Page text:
Submission Integration: Overview
What is submission integration with Dryad?
Integration with Dryad allows journals to facilitate data archiving by setting up automatic notifications to Dryad from the journals' manuscript submission system. Journal integration with Dryad is available at no cost for any journal that wishes to implement low-burden data archiving and enhance their published articles with links to data. We invite journals to integrate their manuscript processing with Dryad for the benefit of their authors, regardless of their membership status in the Dryad organization.
Advantages of integration include:
- streamlining the authors’ data deposit process
- permanently linking the published article with its securely archived data
- allowing authors to deposit complex and varied data types in robust re-usable formats
- ensuring that data files are discoverable, indexed, and exposed to both web and bibliographic search engines
- enhancing visibility of the article via linking from the data files
- permitting embargoes to delay release of data, in accordance with journal policy
How it works
To make archiving as low-burden as possible for authors, data files are archived in conjunction with the journal’s manuscript submission process, resulting in permanent 2-way linking between an article and its data:
- Journal provides information about manuscripts to Dryad through automated notices from the manuscript processing system, and invites authors to archive data in Dryad.
- Authors upload their files to Dryad through a custom submission link supplied by the journal; no redundant information need be entered and the article details are correct.
- Dryad Curators approve the data files and register its Digital Object Identifier (DOI), a permanent identifier that allows the data to be cited and tracked.
- Journal and publisher add the Dryad DOI to all forms of the final article, enabling readers of the article to access the data.
- Dryad stores the data files, including spreadsheets, images, videos, audio recordings, and many other formats, and links to the article on the journal website. Dryad also provides links to data in other repositories, including sequences in GenBank and phylogenetic trees in TreeBASE.
Available options and customizations
Journals and publishers tell Dryad how they wish to configure integration to meet their needs. Journal editors maintain all communications with authors. Dryad staff only contact authors to approve their data deposits, convey the DOI, or handle questions.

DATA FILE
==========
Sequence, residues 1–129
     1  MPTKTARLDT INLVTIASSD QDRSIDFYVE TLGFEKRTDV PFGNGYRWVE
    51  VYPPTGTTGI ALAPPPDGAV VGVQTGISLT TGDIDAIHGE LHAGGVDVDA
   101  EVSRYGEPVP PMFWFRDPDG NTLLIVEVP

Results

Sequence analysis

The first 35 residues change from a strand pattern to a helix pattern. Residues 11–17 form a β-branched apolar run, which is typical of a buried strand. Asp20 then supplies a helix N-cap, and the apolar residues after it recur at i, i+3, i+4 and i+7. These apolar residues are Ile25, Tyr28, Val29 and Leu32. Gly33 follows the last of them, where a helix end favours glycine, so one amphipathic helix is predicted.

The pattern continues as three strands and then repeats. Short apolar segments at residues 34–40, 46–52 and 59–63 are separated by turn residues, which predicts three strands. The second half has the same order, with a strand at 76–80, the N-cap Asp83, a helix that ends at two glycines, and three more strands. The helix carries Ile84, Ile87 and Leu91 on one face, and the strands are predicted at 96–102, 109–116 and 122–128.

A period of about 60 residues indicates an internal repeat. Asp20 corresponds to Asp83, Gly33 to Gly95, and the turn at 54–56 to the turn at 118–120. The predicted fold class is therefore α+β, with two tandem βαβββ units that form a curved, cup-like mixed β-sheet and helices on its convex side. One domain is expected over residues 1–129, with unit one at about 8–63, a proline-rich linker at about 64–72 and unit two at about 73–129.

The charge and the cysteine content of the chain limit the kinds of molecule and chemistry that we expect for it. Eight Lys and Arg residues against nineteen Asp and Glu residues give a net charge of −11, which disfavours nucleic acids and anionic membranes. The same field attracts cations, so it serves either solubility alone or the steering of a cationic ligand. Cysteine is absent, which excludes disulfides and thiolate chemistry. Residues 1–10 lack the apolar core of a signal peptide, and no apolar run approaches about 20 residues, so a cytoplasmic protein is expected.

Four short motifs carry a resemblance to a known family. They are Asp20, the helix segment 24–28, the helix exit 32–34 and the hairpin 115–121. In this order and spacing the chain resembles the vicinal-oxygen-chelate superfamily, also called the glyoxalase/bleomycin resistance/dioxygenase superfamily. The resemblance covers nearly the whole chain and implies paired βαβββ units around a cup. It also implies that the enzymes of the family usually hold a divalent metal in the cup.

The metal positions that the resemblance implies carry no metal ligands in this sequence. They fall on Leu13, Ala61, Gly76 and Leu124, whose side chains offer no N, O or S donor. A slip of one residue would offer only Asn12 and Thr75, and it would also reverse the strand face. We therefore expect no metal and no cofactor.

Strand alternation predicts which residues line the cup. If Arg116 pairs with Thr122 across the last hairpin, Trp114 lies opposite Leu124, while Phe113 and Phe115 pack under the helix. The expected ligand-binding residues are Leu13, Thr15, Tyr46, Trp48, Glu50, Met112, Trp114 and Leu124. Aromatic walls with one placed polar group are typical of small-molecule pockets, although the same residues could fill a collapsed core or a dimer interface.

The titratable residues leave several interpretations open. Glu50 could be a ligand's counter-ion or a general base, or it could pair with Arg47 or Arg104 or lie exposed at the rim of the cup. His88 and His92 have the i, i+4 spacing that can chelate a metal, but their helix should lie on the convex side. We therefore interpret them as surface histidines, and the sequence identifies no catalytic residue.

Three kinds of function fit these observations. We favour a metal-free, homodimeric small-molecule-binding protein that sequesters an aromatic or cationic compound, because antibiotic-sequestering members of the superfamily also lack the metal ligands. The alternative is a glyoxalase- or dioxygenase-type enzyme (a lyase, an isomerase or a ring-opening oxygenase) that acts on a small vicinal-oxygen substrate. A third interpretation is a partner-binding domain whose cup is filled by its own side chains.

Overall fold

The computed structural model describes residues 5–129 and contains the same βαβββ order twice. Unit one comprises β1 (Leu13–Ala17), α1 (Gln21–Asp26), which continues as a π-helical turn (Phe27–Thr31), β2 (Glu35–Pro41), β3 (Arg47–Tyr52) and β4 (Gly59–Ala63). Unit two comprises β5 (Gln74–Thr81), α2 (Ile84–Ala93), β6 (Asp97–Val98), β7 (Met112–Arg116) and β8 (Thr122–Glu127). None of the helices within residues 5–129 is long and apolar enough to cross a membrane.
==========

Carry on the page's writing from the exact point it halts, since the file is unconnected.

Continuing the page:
These are some of the critical decisions and options for integrating journals:
- to invite all authors to deposit data, or only selected authors
- to make data archiving voluntary, or a condition of publication
- to request author permission before manuscript notifications are sent to Dryad
- to allow or disallow authors' ability to set a one-year embargo for their data
- to allow editors to establish custom-length embargoes in special cases
- to offer anonymous and secure access to the data for editors and reviewers during the manuscript review process
- to require Dryad to suppress all information about the article until it has been published
- for journals that publish articles immediately upon acceptance, Dryad can provide a provisional DOI
Dryad staff are committed to ensuring that the integration process meets the needs of journals and publishers, and welcome suggestions for additional options and alternative workflows. Please contact Dryad to let us know your questions about integration with Dryad.
- Submission Integration: Overview (this page)
- Submission Integration: Implementation
- Submission Integration: Current Status
- To begin the integration process, please review and complete: the Pre-Integration Questionnaire
- Format specifications for automated email notices to Dryad: Journal Metadata
- Sample text for email to authors inviting them to deposit data in Dryad
- Workflow diagrams
- Submission process from a journal's perspective: Integration Overview Slides (PDF).
- Blog post describing one journal's workflow for maximizing data archiving: How to decide what data should be archived at publication